Then came middle school, and with middle school came switching classes. As “high-tech” as my special sound system was, it was not transportable. I needed hearing aids.
My bald, 80-year-old grandfather had hearing aids. They were huge and they squeaked when they shifted out of place. Worse, he never heard the squeak. I blushed with embarrassment for him whenever that happened.
My little brother had hearing aids, too. His were fluorescent blue and green and they wrapped around his ears. He called them “his compooters.” But my brother was a little kid. Calling them “compooters” was cute, I thought. But I was going to be in the sixth grade. I didn’t want “compooters” and I didn’t want hearing aids.
Yet, when I first began to write this essay, I had no recollection whatsoever of being anything other than thrilled to get my hearing aids. My parents, however, remember my anxiety about them—anxiety confirmed by my journals from the time, in which I bemoaned that hearing aids were “ugly” and “for old people.”
Any memory of that anxiety, however, is totally eclipsed by the excitement that somehow replaced it. I remember marking out the days one by one until the “Hearing Aids Ready” day. I remember my mother asking me why I was so quiet during a seven-hour car ride to the beach, and I remember telling her that I was just “having fun imagining what it’s going to be like when I have my hearing aids.” And finally, I remember the day I came home from the audiologist’s office, with a bouquet of daisies (a gift from the doctor) and my two, new hearing aids. I remember listing every new sound—leaves crunching, pencils scraping, rain falling—in my journal. I even remember the words to a song I wrote about those sounds.
So, clearly, the mystery is this: How did I go from absolutely dreading the very idea of hearing aids, to being able to think of little else, and with such glee?
The answer: My parents’ deliberate, methodical manipulation of my young mind, of course.
At the end of fifth grade, mom began with a straight-forward approach. “Do you want to consider hearing aids?” she asked.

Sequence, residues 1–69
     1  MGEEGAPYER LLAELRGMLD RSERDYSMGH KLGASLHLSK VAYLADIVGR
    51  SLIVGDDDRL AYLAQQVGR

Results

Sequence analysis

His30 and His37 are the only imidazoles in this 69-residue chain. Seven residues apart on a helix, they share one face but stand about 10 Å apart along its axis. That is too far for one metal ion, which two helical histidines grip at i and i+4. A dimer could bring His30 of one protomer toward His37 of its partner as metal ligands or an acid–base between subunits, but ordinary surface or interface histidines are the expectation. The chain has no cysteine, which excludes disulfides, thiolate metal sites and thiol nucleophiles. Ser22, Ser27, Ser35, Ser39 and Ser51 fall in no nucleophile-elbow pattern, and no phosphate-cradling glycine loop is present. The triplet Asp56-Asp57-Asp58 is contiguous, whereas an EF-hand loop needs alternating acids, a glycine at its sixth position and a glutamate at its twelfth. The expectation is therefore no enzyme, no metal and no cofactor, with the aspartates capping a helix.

“Absolutely not, no way, and please don’t bring it up again,” I said. And that was to be that, because I was 12-years-old and so I knew what I wanted, thank you very much.
And that was that…except, I kept finding brochures on hearing aids all around the house. “Oh Mom thinks she’s clever,” I thought. But I knew what was up. This was one of my mother’s favorite techniques. Around the same time, The Period Book: Everything You Don’t Want to Ask (But Need to Know) mysteriously arrived on my night stand, and Growing Up: It’s a Girl Thing was stealthily left in my bathroom.
“Mom, I know what you’re trying to do,” I said. “I do not want hearing aids.”
But oh, she was ready for this. “I know, Jennie. Don’t jump all over me! We’re thinking about getting Noah this cool new kind that go all the way inside the ear canal. They’re the newest thing and you can’t even see them so we think he’ll be pretty excited. Honestly, I’m relieved you’re so adamant about not wanting hearing aids. This new kind costs an arm and a leg and we couldn’t afford them anyway!”
Immediately, I stashed one of the brochures in my backpack. There were so many around the house, I figured she’d never notice.
The next afternoon, I asked my Mom to make me an appointment with the audiologist. “I just want to learn about that new kind too, Mom,” I said.
By this point, my mother had gotten downright cocky in her scheme. “No, I don’t think so, Jen. If you don’t want hearing aids, that’s fine, but we don’t need to waste the doctor’s time.”
I responded how she figured I’d respond, because damn it, I was 12 and she was smarter than me. “Nuh uh, Dr. Stone said she’d be happy to just talk to me and it wouldn’t mean you’d have to buy hearing aids or anything.”
On the afternoon my hearing aids arrived, I insisted on going back to school even though there were only 45 minutes left in the day. I pulled my hair back in a ponytail, daring anyone to ask me about my “high-tech computers.”
Lining up to go home, the kid behind me took the bait. His name was Oleg, and his family had just moved to Tennessee from Bosnia. “What’s in your ears?” he asked.
Oh this was going to be fun. “They’re hearing aids,” I said, “but they’re also tiny computers because—don’t you dare tell anyone—I’m a Russian spy.”
He smiled. I didn’t. I gave him a wink as we walked out the door.
about the photo: That’s me, around the time of the sound system’s installation. Photo credit goes to Joshua Williams, of course, because he has documented my whole dang life.